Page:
Previously on F1
Vettel won the Indian Grand Prix and his 4th F1 World Championship. The eagle-eyed among you may have noticed the complete lack of a blog about this race. Apologies to one and all for being totally rubbish and not getting round to doing one. We were visiting the husband’s spiritual home last week so missed the race entirely and all hope of catching the highlights was obliterated as guerrilla warfare raged in Power Towers all week. To any suspicious minds out there, I wasn’t on some kind of blog boycott because it was Sebastian Vettel’s 10th race win of the season. To have won FOUR driver’s titles by the age of 26 is a truly phenomenal, mind-blowing achievement. Does he join the pantheon of greats in F1? Undoubtedly. Do I hope that someone else wins the title next year? A big fat resounding yes.
Vettel isn’t the first F1 driver to have enjoyed almost total domination and nor will he be the last. The triumphant title-winning 1992 season of Nigel Mansell and most of Michael Schumacher’s title wins were wildly celebrated in Power Towers (or earlier more humble abodes) over the years. When its your favourite driver annihilating the opposition it feels pretty freaking good. Total hypocrisy? Probably. But what I will say is that the sweetest Schumacher victories were always the closest and hardest fought ones. And don’t get even get me started on Our Nige’s litany of heart-breaking near title misses before finally becoming world champion aged 39. I mean 39 years old versus 4 titles wins at the age of 26. Quite.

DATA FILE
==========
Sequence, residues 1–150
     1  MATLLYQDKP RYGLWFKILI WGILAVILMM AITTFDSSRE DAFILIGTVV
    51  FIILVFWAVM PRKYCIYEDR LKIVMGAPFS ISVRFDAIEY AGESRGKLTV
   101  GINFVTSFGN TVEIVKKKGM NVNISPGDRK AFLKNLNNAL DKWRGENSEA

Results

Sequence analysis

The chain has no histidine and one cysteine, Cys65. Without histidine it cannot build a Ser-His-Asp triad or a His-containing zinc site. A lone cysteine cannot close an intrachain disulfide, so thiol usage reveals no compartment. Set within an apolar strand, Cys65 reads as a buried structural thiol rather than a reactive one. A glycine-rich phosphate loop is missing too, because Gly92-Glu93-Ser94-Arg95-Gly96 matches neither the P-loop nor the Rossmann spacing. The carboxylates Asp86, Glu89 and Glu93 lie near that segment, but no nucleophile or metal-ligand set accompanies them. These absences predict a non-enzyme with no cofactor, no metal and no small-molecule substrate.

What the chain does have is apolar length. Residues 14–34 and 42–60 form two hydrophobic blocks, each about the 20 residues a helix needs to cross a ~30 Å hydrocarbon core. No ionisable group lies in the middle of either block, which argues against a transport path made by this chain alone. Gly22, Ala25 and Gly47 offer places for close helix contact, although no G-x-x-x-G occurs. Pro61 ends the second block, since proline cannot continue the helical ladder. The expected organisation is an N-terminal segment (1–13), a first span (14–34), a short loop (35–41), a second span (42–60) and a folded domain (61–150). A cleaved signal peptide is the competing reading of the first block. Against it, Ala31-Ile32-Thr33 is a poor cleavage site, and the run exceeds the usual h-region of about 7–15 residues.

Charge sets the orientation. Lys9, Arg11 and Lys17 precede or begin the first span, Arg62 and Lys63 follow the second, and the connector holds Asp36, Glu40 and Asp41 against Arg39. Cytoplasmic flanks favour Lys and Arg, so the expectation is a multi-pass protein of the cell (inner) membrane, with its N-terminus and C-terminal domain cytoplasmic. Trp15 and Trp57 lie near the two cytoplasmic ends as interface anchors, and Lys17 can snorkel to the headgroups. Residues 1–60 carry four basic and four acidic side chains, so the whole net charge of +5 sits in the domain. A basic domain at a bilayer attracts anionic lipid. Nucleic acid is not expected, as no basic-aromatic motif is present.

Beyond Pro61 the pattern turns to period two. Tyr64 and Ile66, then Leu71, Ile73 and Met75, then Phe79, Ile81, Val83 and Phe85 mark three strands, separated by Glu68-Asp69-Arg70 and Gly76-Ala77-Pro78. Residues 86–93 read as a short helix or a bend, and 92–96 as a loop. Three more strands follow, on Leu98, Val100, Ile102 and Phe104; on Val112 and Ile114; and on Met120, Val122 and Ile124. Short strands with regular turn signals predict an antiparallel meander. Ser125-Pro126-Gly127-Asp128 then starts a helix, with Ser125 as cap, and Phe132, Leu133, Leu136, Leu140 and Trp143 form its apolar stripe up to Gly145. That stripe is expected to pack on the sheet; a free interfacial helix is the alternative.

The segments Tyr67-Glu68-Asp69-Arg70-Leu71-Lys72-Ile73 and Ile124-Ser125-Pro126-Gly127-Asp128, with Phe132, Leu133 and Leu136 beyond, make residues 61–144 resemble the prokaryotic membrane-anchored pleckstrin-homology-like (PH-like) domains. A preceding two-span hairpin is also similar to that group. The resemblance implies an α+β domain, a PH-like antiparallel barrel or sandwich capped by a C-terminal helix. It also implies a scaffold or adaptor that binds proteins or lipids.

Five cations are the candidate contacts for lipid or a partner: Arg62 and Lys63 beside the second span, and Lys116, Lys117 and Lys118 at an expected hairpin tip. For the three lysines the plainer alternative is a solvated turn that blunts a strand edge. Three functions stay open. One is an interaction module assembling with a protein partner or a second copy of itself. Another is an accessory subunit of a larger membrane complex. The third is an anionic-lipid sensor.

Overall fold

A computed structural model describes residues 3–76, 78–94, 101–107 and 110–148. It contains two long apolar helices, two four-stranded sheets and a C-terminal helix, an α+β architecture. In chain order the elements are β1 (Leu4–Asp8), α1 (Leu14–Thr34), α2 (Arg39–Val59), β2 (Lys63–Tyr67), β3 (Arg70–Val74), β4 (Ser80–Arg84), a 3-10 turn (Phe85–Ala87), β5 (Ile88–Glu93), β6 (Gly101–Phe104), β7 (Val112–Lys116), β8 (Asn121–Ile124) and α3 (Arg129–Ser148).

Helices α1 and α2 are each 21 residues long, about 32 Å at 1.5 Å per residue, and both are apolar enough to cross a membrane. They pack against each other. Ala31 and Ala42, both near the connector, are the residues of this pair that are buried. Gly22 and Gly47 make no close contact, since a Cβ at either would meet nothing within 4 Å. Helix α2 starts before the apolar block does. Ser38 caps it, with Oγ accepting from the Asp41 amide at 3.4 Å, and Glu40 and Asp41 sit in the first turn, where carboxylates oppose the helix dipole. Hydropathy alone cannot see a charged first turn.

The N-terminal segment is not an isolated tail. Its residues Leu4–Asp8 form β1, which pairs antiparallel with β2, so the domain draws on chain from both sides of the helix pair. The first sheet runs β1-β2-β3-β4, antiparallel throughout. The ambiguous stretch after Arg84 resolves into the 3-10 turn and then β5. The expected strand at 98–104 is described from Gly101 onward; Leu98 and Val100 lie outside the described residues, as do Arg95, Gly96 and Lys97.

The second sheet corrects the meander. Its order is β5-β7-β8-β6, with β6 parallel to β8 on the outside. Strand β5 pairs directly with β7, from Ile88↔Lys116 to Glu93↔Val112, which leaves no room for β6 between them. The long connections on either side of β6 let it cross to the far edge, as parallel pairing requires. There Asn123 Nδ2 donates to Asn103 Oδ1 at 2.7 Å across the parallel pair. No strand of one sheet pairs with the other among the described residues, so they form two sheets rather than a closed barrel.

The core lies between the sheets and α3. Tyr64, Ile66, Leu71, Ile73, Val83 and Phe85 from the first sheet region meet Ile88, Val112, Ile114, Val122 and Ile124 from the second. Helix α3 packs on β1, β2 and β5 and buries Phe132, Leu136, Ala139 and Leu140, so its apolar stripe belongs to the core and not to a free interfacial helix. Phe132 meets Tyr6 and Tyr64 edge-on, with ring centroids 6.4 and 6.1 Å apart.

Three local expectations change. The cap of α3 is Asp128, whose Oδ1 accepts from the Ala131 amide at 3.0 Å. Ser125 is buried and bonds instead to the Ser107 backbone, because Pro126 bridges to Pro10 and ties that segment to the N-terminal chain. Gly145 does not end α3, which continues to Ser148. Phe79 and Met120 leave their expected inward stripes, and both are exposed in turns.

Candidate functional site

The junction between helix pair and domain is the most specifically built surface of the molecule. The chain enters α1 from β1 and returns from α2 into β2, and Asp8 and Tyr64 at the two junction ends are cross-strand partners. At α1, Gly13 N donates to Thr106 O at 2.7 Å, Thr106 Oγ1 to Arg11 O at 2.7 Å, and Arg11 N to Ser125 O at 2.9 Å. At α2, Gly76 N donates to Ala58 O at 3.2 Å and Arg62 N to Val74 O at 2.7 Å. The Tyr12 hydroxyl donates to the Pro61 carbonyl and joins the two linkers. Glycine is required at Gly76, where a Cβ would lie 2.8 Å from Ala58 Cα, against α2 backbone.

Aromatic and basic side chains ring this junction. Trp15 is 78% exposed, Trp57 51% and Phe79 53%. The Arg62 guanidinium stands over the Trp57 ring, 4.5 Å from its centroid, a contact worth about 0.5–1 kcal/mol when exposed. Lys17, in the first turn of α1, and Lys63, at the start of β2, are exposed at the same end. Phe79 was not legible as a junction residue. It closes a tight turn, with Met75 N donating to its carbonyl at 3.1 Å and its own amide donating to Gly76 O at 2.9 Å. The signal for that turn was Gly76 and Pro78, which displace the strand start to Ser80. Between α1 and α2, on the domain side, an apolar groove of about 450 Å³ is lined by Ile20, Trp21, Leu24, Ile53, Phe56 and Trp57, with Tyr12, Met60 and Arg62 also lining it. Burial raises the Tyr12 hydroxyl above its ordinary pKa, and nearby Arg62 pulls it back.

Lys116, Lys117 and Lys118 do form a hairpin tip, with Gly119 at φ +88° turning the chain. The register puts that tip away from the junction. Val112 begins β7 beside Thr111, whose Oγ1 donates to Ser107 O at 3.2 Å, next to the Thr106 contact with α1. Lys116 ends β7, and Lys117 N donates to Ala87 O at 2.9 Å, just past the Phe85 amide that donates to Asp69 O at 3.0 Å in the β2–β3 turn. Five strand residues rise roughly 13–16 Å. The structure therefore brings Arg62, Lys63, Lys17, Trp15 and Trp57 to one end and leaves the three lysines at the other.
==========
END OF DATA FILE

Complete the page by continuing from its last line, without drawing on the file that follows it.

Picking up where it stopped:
And so to Sky’s relentlessly epic build-up. Most of which could be merrily fast-forwarded except for the Desert Grand Prix aka a ‘lets get all the drivers doing crazy, zany stuff’ segment to trendy techno music. But hey its gets my vote. Nico Rosberg, Lewis Hamilton were taking on Johnny ‘bad luck’ Herbert and Damon Hill in some kind of race in buggies on big sand dunes. Things got off to a bumpy start when Hamilton ploughed into the side of Hill causing him to flip upside down. Herbert won the restarted race and celebrated with some Vettel-style doughnuts. Meanwhile there was a lot of bleeping out of Lewis’s fruity language while driving…er…a sand buggy. I loved that piece! < Applauds Sky team> though still can’t actually believe Mercedes allowed their drivers to take part. Maybe they too have mentally given up on the 2013 season.